UJO Letter to NYS Senate in Opposition of Same Gender Marriage Bill

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rabbi-david-niedermanDear Matzav.com,

While I normally do not distribute our internal communications, because of the possible nearing of the New York State Senate vote on the same gender marriage bill, I am sharing with you the below for distribution.

One is a letter urging our Mosdos to individually contact the Senate, the other a letter the UJO sent to all members of the NYS State Senate.

Thanks.

Rabbi David Niederman
President
United Jewish Organizations of Williamsburg
Brooklyn, NY

Dear Mosdos:

Please find below the text of a letter we have sent to all members of the New York State Senate as per the direction of our Rabbinic leadership regarding our opposition to the legalization of same gender marriage in New York. I hope all our Mosdos will individually take the opportunity to contact the New York State Senate to voice your Mosod’s opposition to the legalization of same gender marriage.

As it appears that this bill will be voted on soon, now is the time for us to be heard on this issue.

Sincerely,
Rabbi David Niederman
President

Dear Senator:

The United Jewish Organizations of Williamsburg represents a consortium of nearly 200 local community organizations in Williamsburg, Brooklyn, with a constituency of 70,000 people. It is on their behalf and at the direction of our Rabbinic leadership that we are contacting you to sympathize with the strong and united opposition to the legalization of same gender marriage in the State New York.

While in Albany on Monday, I met with many of our honorable Senators to discuss two issues, one was ensure no reduction to mandated services funding which would have greatly impacted the ability of our private schools to function over the course of the academic year. This cut would have forced schools to raise our community’s low school tuition which many parents already cannot afford. The other issue was our opposition to the legalization of same gender marriage in New York At the time it did not look like the same gender marriage bill would come to a vote, however now it appears that a vote might be near and so I am contacting you again with a sense of real urgency and a repeat of my request.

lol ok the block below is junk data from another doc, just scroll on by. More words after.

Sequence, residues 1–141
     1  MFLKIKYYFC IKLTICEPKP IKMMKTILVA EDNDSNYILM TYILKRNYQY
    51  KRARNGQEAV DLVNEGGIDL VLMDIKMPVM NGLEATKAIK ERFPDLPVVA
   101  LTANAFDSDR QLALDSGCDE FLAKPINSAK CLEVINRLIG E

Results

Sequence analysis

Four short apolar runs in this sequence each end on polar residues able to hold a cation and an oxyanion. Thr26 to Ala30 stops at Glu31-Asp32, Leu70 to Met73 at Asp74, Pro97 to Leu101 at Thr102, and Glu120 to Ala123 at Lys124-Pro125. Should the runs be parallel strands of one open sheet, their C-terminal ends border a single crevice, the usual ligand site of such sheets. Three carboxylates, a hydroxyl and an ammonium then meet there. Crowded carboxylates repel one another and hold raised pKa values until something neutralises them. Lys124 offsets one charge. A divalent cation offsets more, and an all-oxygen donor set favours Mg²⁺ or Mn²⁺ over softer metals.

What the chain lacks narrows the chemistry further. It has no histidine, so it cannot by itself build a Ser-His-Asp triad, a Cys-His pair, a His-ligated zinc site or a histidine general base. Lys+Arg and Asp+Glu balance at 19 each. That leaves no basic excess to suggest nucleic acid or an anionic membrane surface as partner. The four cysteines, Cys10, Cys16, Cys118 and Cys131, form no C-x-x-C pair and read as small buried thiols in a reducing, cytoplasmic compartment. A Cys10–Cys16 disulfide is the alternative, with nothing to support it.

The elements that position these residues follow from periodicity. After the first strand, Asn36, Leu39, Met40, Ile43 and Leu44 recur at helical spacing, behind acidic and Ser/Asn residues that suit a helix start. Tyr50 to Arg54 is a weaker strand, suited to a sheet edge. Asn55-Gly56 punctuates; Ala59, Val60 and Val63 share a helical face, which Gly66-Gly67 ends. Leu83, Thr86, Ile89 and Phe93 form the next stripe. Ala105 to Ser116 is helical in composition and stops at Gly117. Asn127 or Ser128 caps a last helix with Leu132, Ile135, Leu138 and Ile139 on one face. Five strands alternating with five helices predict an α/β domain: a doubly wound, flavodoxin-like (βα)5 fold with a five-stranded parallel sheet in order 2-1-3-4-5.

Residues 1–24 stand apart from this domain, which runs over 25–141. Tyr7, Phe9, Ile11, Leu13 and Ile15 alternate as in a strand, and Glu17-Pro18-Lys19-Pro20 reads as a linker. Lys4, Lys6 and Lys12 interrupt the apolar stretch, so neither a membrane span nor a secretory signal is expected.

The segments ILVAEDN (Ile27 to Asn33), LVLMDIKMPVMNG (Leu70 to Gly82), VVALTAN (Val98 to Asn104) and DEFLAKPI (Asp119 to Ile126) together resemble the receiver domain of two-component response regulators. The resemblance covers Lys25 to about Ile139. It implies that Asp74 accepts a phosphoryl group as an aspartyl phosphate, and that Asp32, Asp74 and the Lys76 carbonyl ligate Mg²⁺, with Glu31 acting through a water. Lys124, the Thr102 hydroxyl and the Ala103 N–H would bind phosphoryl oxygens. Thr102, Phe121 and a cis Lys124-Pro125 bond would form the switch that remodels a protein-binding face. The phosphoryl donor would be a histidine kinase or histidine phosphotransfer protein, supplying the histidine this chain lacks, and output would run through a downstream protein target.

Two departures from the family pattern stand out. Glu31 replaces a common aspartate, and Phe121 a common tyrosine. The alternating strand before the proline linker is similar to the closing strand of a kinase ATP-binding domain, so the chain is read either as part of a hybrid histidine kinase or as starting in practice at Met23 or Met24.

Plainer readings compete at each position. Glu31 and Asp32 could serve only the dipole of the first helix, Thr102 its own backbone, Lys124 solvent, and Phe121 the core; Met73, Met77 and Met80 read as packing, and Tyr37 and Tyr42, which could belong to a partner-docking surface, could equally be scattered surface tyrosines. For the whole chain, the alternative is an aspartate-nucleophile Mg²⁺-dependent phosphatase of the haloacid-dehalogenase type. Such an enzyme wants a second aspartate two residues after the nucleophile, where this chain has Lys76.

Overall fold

This issue has been hotly debated and you have heard many arguments on both sides. I am sure you are aware of the seemingly countless and correct, religious, social and legal reasons to oppose same gender marriage in the State of New York. We want to advise you that as a community, this bill is an affront to what we stand for, and as a community the impact of this bill will be locally felt despite our religiously mandated opposition to same gender marriage. This bill will force us to accept the State’s definition of marriage in ways that we are religiously unable to comply with.

For thousands of years, marriage across the globe was defined as a union between a man and a woman. This is not and never was a discriminatory practice. Universally, marriage is an affirmation of human biology and the sanctity of the family. Same gender marriage fails to meet both of these universalistic values. There is no need to change the institution of marriage, rather we should proudly speak for the valued and cherished marriage structure that most of humanity for all of history was born into.

I respectfully urge you and your colleagues in the Senate to please vote no on the same gender marriage bill. I look forward to hearing from you.

Sincerely and respectfully,
Rabbi David Niederman
President

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9 COMMENTS

  1. Rabbi Levin Shlit”a warned us and we didn’t take him serious.

    He knows politics inside out, and he can basically predict what’s up next.